Tuesday, June 14, 2005

I Accept The Challenge

I don't care for the music memes passed around so often between blogs (I think they are cheap tool to fight writer's block with; they also are seized by people who wish to sound hip but probably aren't), but a "favorite books" meme.. well, I'll do that.

The proprietor of the excellent Hobson's Choice didn't pass this to me, but I'll attempt it anyway.

Number of Books I Own:

1700 or so, which I hope to add to this weekend at the library sale. I stopped buying cds in, oh, 1998; the music industry will not get much more of my money. I don't buy many dvds, but that's mostly because that's my roommate's passion. I am a warfare-minded consumer, and so rarely buy new clothes; in fact, I try to buy "used" in nearly everything -- appliances, electronics, furniture. So, whatever extra money I have, which is never much, I spend on books. Sadly, I dont keep up with reading like I should (goddamn computer).

Last Book I Bought:

The Political Economy of Slavery by Eugene Genovese, on the advice of my friend JC in DC. I'm only a couple of chapters in, but so far it's a fine Marxist analysis.

Last Book Read:

As opposed to what I last plundered, which is a different thing, the last I read straight through was The Pursuit of the Presidency 1980 by the Washington Post crew of, mostly, fucktards.

Seven Books That Meant A Lot To Me:

I couldn't do this justice with non-fiction criteria, so I'll stick with fiction minus poetry and plays. The following are not in order of importance.

1. The Count of Monte Cristo: I read this at exactly the right age, as an angry teen. It taught not so much a lesson in revenge so much as one in resolve. Plus, it was an awesome adventure. It's very much a novel for youth -- male youth. With intelligence, determination, and a very-attuned sense of justice, it is possible, at least in theory, to avenge yourself on those who have wronged you without it eating your soul up in the process. Character matters. I particularly like how Dantes did not take back Mercedes in the end.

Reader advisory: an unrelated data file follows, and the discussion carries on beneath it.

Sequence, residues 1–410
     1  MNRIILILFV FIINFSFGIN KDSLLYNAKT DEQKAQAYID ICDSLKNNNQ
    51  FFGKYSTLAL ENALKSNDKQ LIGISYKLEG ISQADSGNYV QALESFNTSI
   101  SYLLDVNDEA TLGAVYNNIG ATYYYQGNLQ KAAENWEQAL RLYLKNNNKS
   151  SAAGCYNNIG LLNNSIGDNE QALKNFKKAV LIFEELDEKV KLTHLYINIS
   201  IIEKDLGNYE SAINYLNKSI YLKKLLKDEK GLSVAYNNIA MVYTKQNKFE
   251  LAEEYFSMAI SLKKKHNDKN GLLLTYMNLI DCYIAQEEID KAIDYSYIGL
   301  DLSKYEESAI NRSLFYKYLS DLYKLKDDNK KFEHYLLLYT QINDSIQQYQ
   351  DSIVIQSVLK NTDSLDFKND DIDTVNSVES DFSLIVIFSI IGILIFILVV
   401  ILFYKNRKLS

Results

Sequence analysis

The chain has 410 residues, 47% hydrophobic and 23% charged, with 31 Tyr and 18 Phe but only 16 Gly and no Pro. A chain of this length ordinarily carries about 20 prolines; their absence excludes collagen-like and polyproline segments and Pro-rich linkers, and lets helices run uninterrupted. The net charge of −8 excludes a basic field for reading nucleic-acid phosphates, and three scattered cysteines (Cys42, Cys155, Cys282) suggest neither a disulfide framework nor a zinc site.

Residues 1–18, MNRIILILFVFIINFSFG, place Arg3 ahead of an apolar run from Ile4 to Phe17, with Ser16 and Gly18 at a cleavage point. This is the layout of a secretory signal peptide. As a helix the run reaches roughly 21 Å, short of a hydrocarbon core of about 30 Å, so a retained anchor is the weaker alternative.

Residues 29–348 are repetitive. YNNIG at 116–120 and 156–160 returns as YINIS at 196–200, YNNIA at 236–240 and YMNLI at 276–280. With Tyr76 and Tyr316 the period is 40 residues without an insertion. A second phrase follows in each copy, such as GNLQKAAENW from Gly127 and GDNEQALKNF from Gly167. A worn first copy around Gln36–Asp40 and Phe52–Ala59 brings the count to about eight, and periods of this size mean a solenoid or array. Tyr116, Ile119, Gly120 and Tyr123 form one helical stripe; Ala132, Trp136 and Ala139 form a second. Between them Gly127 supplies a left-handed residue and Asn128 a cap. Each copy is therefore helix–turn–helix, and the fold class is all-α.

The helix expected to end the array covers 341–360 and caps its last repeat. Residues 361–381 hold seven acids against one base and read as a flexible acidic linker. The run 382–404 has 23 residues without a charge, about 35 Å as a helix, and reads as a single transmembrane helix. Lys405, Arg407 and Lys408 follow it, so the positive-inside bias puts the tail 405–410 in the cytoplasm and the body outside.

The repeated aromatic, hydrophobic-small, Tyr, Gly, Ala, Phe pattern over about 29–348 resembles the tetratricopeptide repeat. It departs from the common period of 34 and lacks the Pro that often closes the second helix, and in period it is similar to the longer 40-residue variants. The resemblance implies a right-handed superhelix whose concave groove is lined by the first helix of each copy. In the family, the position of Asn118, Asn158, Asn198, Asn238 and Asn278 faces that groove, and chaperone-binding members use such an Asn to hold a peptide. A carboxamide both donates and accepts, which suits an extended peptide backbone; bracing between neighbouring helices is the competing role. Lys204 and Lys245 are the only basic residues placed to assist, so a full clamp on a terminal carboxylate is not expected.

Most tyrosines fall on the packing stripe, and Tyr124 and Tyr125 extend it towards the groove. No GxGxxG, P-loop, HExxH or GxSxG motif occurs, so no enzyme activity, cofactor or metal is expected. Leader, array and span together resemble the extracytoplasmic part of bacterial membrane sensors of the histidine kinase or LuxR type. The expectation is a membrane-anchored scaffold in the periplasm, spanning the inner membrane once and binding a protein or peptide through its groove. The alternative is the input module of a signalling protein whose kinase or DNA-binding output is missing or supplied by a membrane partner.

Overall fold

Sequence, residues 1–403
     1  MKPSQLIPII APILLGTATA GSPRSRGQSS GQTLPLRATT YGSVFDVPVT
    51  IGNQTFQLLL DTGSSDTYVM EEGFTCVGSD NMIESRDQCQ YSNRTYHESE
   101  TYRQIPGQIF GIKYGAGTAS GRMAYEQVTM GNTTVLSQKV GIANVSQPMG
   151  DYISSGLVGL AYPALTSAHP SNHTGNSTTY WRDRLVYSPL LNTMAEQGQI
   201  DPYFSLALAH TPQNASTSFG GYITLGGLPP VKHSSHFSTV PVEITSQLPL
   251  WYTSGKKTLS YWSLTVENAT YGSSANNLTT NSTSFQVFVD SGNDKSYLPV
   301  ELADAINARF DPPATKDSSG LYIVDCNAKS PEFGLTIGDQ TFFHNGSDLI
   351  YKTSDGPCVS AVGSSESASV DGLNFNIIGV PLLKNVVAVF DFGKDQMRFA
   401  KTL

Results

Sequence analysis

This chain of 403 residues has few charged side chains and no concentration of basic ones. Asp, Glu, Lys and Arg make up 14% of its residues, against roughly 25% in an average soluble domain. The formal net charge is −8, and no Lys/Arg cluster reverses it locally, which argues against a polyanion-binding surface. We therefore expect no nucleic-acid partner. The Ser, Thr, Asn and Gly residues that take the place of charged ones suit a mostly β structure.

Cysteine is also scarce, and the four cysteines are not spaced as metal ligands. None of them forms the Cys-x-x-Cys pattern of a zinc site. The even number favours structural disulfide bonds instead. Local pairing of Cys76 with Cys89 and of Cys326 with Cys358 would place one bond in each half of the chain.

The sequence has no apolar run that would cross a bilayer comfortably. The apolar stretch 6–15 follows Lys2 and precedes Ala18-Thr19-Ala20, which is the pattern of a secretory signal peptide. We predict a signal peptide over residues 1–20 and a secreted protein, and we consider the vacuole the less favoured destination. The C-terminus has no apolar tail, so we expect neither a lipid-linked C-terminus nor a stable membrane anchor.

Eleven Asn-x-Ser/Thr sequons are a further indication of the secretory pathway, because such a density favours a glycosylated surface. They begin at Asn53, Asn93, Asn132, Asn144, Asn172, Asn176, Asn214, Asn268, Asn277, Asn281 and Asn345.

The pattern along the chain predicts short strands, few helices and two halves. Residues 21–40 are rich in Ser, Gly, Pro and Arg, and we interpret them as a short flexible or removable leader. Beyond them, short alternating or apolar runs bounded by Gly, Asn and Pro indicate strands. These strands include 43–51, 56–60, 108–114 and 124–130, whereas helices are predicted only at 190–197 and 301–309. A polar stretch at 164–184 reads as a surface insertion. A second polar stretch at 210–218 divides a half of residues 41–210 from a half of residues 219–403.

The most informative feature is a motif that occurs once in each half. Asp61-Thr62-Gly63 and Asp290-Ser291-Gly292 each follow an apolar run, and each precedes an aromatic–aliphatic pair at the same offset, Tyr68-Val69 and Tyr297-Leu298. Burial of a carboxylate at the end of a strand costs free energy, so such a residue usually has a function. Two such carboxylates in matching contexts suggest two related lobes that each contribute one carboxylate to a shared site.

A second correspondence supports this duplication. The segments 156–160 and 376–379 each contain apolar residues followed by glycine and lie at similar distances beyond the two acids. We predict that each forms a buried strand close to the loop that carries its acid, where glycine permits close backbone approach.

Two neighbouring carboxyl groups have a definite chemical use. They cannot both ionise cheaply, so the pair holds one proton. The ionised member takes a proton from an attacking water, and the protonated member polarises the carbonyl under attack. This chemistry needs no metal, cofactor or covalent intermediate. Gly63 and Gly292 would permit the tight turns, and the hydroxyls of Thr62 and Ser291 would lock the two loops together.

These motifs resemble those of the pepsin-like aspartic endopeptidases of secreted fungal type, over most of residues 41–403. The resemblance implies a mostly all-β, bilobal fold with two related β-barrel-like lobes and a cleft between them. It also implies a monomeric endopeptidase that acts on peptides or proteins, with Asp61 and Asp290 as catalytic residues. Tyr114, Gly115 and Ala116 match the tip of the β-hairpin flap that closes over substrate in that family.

2. Brave New World: My favorite dystopian novel, and the only one of the classics (We, Anthem, 1984, Animal Farm) whose target still exists and so whose point is still relevant. It is the ultimate indictment of consumerism, hedonism, and technophilia/technocracy. In a world that is losing all of its cultural diversity, its poetry-of-life, its ability to say "stop" in the face of what is marketed as technological "progress", the book, when read by the young, innoculates them against modern stupidity, yet it is not reactionary in the Archie Bunker/Republican sense of the term. It is a weapon to be used against globalists, social darwinists, and those who place a higher regard on "efficiency" rather than on humanity.

3. Candide: So very funny. From it, I learned that "crushing the infamous" is quite enough. The classic rap against Candide is that it offers no alternate recommendations to replace the ideologies and beliefs and value-systems it righteously trashes. This is first, wrong, and second, irrelevant. The character of Dr Pangloss, it's true, shows what fools eternal optimists are. But more than that, it shows what fools ideologues and fanatics are. Despite evidence upon evidence, Pangloss ignores or bends all to cling and conform to his retarded beliefs. Voltaire did not need to offer an opposing ideology which would account for the book's events. He did not need to replace what he destroyed: it was a service enough to destroy or expose what was stupid. But he went beyond that anyway. In the end, Candide settles down to "till his garden". This is not a throwaway line or an endorsement of ascetism or isolation, but rather a small recommendation to "work" at the local level, to do what you can with what you can muster, to be "involved" but not join the latest damn-fool mass movement.